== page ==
BMG v. Gonzalez: 7th Circuit weighs in on fair use for filesharing

The Seventh Circuit ruled yesterday in the case BMG Music v. Gonzalez, which involves a claim of fair use for songs downloaded from the peer to peer file sharing system, KaZaA. The district court had granted summary judgment to BMG, awarding $22,500 in statutory damages and an injunction against further infringement. Gonzalez then appealed to the Seventh Circuit.

Although Gonzalez downloaded more than 1,370 songs, the subject matter of the case is actually thirty songs that Gonzalez confirmed that she could not prove ownership of legitimately distributed copies for (i.e. she owned the CDs). How many more of the approximately 1,340 that remained she actually owned is disputed.

Her claim was that she intended only to sample music before buying it, and that this action constituted fair use under copyright. The Court went through the fair use factors of Section 107, ultimately concluding that her conduct did not constitute fair use. She copied the whole work, in this case copyrighted songs. The Court also held that her downloading affected the market for legitimate artists to make a profit from their copyrighted works. Accordingly, it could not be fair use. Further, the Court went on to point out that *all* of the downloaded songs violated the statute, it does not matter that you already own the CD. The downloading is still an unauthorized distribution of a copyrighted work. Ultimately, the district court’s grant of summary judgment was affirmed.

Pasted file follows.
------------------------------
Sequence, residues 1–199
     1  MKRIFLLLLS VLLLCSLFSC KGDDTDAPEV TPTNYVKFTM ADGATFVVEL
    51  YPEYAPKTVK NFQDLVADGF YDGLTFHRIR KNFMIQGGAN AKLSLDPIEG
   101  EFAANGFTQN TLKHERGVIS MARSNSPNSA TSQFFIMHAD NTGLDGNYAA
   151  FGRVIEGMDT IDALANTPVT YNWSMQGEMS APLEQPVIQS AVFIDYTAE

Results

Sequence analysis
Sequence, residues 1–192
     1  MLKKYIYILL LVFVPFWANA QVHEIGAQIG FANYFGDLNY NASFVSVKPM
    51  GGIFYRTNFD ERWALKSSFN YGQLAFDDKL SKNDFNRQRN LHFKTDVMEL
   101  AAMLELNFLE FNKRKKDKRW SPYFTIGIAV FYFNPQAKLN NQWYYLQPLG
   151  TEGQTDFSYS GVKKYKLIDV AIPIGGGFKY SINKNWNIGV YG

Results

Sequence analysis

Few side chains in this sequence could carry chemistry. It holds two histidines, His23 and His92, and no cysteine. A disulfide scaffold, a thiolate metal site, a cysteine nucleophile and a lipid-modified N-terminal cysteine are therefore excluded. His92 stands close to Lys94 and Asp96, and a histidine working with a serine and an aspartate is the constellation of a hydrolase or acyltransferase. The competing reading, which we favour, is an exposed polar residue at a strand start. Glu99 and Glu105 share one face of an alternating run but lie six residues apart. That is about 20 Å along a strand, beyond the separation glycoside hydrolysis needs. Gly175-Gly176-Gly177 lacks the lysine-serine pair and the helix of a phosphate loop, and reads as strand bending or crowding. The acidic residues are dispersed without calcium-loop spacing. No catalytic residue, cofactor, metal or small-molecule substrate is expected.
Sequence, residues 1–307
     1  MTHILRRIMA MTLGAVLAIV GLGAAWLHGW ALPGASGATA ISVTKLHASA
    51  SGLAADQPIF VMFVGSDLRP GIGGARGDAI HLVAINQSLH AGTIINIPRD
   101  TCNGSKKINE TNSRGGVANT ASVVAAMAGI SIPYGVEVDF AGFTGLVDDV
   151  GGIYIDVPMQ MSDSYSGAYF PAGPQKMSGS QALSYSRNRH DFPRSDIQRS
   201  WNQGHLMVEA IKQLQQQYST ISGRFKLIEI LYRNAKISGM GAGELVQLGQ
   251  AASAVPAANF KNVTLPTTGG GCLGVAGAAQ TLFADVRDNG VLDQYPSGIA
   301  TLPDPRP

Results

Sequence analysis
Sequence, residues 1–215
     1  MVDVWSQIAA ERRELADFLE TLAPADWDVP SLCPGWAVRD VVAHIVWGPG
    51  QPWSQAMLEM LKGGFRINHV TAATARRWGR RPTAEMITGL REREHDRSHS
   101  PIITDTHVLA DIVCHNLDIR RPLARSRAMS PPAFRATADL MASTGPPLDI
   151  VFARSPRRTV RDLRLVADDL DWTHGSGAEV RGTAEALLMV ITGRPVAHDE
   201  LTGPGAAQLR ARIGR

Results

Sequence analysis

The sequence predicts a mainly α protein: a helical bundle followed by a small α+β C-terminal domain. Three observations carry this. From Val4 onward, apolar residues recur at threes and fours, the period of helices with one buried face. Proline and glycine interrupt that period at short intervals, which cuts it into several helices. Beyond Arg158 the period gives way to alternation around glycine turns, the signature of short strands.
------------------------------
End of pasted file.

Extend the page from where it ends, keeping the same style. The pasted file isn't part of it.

This case will now be cited against defendants who claim their particular circumstances are sufficiently different enough from Gonzalez’s facts to merit consideration. However, the court’s reasoning that all copies from a peer to peer service are infringements will be difficult to overcome, I believe.

Gonzalez’s argument points out a common misconception about copyrighted works: that if you own one copy of the work, like on a CD, that you own the *song.* Actually, what you own is a particular *copy* of the song. Proponents of this misconception often use the rallying cry “How many copies of _[INSERT TITLE HERE]_ do I need to buy?” I know that I have personally purchased the original Star Wars movies multiple times, at last count I have three different VHS releases, plus now the “Special Editions” on DVD. At no time did I ever receive a “lifetime copy” of the film, instead my copies are limited to the life of the media. If they should be damaged I do not have the right to pull copies off a file sharing network, but should instead be on my way to the store.

For more discussion of this case, here are some good links:

  • InternetCases.Com
  • Technology & Marketing Law Blog
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